New York and Virginia Extremes
Virginia borrowed a page from New York and proposed legislation that would remove certain restrictions on third-trimester abortions. The opinion of only one, not three, doctors would be needed to authorize women to decide to have a third-trimester abortion.
You can almost understand why in New York. It has become so blue that radical leftist proposals are considered the norm. But Virginia? The legislation was not approved, but why would lawmakers there even propose it?
In testimony on the bill, one of the sponsors was asked if it would permit a woman in labor with a viable baby to have an abortion if a doctor declared that going through with the birth would impair the woman’s mental health. At first, the response was that the decision would be made between the woman and the doctor, but when pushed it was admitted that the bill would permit an abortion during labor.
When people ask me if I am pro-life or pro-choice, my answer is: Yes. I hate labels on such a difficult and sensitive issue, and I am not a purist. I’m even ambivalent on Roe v. Wade. I think Roe et al. got it just about right on the merits. No restrictions in the first trimester, a mother’s health exception until the time when the baby is viable, and the protection of the baby after. In the extremely rare and tragic circumstance in which continuing a late-term pregnancy would cause a mother’s death, the choice of what to do should rest with the mother.
But Roe was flat-out wrong on the law. There is no “privacy” right in the Constitution, and decisions on how to legislate the issue should have been left to the states. At a minimum, that would have put the decision in the hands of the people, not nine judges. I think most states would have adopted the key elements of Roe and saved the country from decades of acrimony.
But back to Virginia. Why would it propose this? Is there such a need to appeal to the abortion-on-demand crowd that literally anything goes? The Left sent out its proponents to the talk shows to make their case, and the first line of attack was to claim that old white men were trying to control women’s bodies, and they completely ignored the rights of the viable, about-to-be-born baby.
There was even some interpretation of the bill that it would permit the killing of a baby after he or she was born, so the argument about controlling women’s bodies didn’t add up, since the baby was no longer part of his or her mother’s body. Some proponents of the bill then claimed that they hadn’t really read it.
But after that logic fell apart, and the debate returned to the consideration of the rights of the baby, the rationale changed yet again. We were then told that while the new law would indeed permit all those extreme actions, in practice no one would actually do it. No doctor would ever approve anything that late (or after birth), regardless of the woman’s health concerns. So let’s just move on.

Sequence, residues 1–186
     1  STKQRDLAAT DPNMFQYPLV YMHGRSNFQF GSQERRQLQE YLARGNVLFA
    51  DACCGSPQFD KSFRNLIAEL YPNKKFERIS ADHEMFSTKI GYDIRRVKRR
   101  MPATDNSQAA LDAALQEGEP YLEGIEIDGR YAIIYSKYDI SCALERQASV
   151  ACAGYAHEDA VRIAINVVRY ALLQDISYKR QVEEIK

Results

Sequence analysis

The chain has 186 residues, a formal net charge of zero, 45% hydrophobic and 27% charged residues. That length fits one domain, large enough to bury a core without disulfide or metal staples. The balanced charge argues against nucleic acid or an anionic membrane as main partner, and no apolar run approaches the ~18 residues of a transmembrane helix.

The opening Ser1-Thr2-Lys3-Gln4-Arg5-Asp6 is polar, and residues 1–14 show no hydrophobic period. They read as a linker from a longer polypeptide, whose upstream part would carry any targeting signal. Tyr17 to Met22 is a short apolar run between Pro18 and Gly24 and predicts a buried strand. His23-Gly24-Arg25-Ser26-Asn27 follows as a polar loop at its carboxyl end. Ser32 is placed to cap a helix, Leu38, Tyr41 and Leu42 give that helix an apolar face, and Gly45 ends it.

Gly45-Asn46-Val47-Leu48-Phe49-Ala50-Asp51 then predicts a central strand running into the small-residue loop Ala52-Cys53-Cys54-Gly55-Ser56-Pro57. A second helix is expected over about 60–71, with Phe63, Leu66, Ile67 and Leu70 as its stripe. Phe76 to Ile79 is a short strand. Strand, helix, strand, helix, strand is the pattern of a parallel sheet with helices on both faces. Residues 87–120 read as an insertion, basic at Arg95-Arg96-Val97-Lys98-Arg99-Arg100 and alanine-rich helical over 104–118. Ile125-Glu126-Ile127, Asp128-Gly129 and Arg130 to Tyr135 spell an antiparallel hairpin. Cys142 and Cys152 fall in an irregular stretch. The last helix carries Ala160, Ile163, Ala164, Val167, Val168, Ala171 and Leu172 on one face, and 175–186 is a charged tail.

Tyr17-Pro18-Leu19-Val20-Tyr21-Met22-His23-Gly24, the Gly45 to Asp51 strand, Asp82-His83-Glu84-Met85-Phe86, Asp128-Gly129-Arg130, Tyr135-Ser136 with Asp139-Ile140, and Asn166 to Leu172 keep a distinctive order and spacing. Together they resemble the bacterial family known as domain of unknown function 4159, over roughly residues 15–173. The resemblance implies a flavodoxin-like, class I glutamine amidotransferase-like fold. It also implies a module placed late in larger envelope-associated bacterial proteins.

Well, if that’s the case, then why draft a law that allows it in the first place? It reminds me of the debate on torture from a few years back. According to the holier-than-thou pols like John McCain, torture is not “who we are” and should be utterly banned under penalty of law. There were some people who wanted a “ticking time bomb” exception. But the rationale used to reject it said that if there were a nuclear weapon about to go off in DC and we had someone in custody who knew where it was, we would expect the military or CIA to use whatever torture methods at their disposal to find it. And to the personnel doing the deed, don’t worry. We would never actually prosecute them.
As a country, I don’t believe we are anywhere close to thinking that the New York and Virginia laws are anything but radical extremes, but the way the media reported it shows that the battle is far from decided. The outcry from commonsense people against the bills was described by the media as an “attack by the right trying to paint all Democrats as part of the liberal extremes,” as if the issue was all about politics.
But I guess we shouldn’t be surprised when we have Democrats who are adamantly opposed to building more border “walls” saying nothing about existing walls and who seem perfectly fine with building “Normandy barriers” because they are “movable.” Or Democrats declaring that health care is a “right.” Or Democrats planning to eliminate fossil fuels in 12 years to save the planet from certain environmental destruction with zero scientific basis. Or Democrats wanting to raise the top tax rate to 90%, or take chunks of wealth above certain levels, or raise the death tax, all to fund guaranteed free college, pre-school, housing, and minimum income, regardless of the math being off by several trillion dollars. But no problem, we are told: Facts don’t matter. Only the morality of your position does.
The good news is that we are getting such radical proposals from the Left (with more to come once the 2020 campaign gets into high gear) that it might actually jump-start the GOP into responding with an unapologetic celebration of conservative principles. Use the Left’s proposals as a basis for debating the role of government and the kind of country we want to be.
I remain convinced that in spite of the actions of the Left and the media spin, the country has not ventured so far down the liberal road that conservative approaches can’t win the day if presented logically and with conviction. We simply need to avoid being cowed and just try.